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    combi heat dhw gas (17 Posts)

  • bluemoon bluemoon @ 9:14 AM
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    combi heat dhw gas

    Hello Wall....It's been a while since I've posted but I was hoping to get some insight on wall hung heat + dhw gas fired boilers. I'm in the Sandy storm ravaged area of long island. Many customers are requesting wall hung units in the event that we get tides that high again. If it happens once it can happen again,right? I've installed several Baxi Luna units but the plate heat exchangers only produce dhw 3.3 gpm. Also concerned about servicing them. Especially the expansion tank & plate heat exchanger. It seems the boiler will have to be taken down off the wall to replace them? I plan on getting trained on them when things calm down & I will have more time but can anyone shed some experienced light on them in the meantime? Maybe recommend a superior brand?
  • Chris Chris @ 9:31 AM
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    How Many GPM

    Of DHW are you needing? Viessmann Vitodens 100 CombiPlus will give you the same as the BAXI.

    http://www.viessmann-us.com/en/Residential/Products/gas/CombiPLUS.html
    "The bitter taste of a poor installation remains much longer than the sweet taste of the lowest price."
  • SWEI SWEI @ 9:59 AM
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    wall hung what?

    Plenty of wall hung condensing boilers out there, a number of which I feel comfortable recommending (Triangle Tube, Lochinvar WHN, Viessmann.)  If the DHW demand is at all significant, an indirect water heater is the best solution.  Keep the pump or diverter valve and associated wiring above the projected flood line and you should be OK.

    Combi boilers without a tank are going to suffer in terms of first hour delivery, and frequently end up significantly oversized for the heating load.  You can add a buffer tank, but a properly sized indirect with a properly sized boiler is best.  If there are giant soaker tubs or mega-showers involved, a second boiler or a tankless WH may be in order.
  • Jack Jack @ 11:20 AM
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    This is always the lead

    on combi's. You get a customer interested or they are interested initially and the conversation has to start with DHW production. You have to ask the homeowner how much hot water they need and you need to get ownership from them before proceeding with a combi. That my mean doing flow checks on fixtures. The other issue with a combi is water quality. A crapped up plate will not do you much good down the line. I like to see them installed with the same type service valves installed on tankless water heaters so they can be flushed.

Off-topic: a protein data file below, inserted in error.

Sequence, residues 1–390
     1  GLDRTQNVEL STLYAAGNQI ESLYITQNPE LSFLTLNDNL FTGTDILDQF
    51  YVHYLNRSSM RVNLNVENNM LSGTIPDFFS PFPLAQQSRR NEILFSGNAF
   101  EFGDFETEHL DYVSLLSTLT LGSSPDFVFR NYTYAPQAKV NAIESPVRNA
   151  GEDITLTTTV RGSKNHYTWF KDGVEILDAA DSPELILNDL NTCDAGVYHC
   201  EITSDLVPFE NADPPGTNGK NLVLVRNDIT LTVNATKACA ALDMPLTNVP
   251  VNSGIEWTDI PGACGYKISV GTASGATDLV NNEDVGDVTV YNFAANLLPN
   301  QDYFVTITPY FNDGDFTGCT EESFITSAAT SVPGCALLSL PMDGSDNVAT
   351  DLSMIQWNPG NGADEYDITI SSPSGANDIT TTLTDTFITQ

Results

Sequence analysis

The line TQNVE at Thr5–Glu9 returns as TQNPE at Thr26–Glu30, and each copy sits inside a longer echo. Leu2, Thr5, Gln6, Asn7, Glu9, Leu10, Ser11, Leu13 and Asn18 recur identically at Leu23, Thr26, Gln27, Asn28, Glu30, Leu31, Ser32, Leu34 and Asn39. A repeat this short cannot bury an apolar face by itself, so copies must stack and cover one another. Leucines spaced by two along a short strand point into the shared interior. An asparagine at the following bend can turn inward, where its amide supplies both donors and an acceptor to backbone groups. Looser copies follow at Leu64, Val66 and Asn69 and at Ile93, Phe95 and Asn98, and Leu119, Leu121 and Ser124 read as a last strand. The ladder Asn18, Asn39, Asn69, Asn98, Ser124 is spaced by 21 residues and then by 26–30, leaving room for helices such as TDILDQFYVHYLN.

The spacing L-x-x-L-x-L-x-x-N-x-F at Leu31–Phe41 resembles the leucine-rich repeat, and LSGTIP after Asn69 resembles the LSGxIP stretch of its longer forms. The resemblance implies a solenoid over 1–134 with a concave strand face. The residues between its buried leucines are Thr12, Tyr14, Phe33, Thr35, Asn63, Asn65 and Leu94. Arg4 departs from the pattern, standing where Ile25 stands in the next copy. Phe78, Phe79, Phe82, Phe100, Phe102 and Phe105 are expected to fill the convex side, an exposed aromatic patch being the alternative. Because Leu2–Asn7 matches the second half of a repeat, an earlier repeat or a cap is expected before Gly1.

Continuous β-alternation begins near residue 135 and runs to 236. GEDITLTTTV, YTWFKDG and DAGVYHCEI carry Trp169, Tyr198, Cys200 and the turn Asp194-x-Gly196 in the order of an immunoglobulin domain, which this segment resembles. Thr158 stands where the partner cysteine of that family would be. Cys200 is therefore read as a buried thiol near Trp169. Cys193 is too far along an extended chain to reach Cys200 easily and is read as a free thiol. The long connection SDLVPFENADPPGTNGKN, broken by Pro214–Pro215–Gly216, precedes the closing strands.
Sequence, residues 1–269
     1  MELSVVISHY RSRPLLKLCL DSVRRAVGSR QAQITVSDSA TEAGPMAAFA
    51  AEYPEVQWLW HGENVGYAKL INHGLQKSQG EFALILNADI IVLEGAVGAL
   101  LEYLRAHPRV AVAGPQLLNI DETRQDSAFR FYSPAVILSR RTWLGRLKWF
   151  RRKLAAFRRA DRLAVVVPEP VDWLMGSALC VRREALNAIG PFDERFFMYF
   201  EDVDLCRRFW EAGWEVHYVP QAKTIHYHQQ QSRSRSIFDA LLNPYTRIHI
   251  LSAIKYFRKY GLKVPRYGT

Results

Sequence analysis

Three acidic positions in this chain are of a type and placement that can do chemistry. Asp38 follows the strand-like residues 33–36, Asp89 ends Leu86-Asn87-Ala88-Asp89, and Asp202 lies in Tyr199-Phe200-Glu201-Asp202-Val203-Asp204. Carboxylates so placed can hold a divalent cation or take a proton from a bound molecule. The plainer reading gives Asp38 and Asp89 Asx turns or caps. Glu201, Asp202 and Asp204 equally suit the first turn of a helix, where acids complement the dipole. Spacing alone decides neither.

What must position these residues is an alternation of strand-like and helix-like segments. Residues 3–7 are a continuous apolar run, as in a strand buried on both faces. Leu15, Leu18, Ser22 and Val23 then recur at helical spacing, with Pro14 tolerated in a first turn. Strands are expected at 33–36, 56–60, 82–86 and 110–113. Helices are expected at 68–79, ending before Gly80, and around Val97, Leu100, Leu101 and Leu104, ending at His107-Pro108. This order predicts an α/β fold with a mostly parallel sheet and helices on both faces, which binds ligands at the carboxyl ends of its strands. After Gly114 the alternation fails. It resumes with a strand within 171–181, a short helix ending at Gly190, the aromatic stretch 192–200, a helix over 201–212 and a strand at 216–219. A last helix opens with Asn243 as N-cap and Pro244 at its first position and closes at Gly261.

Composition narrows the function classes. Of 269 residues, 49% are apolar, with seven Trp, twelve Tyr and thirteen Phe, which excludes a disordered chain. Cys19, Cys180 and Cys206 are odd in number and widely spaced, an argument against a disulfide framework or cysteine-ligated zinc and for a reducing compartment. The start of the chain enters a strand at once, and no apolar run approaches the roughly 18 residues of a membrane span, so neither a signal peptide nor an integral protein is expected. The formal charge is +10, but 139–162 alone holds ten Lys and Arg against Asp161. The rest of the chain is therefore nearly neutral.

• SWEI SWEI @ 11:28 AM
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    good point on ownership

    So much better to clearly define expectations before meeting them (and then being accused of not doing so.)

    A 199k tankless (or two) can support a soaker tub nicely when space heat loads are minimal.
  • Mark Eatherton Mark Eatherton @ 11:59 AM
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    Having had lived with numerous tankless instantaneous units...

    I relate my experiences to the consumer based on real life/real time experience.

    So long as you are willing to change your life style to accommodate the new equipment, you CAN have a virtually endless stream (~2 GPM) of domestic hot water. BUT, if two people, or one person and one machine try and go for the hot water at the same time, there will be some "issues"... and wet dissatisfied people.

    Honestly, unless you have a WHOLE bunch of people using the DHW with a limited number of bathrooms in a VERY short time frame, scheduling is not that big of a deal. If you do have a whole lot of people, then consider adding storage to help accommodate peak hourly loading.

    As others have stated, water quality is a must for ANY tankless type of heater. If the water quality is not addressed up front, then cost of operation, maintenance and reliability are all going to be on going issues of concern and will leave a bad taste in everyones mouth.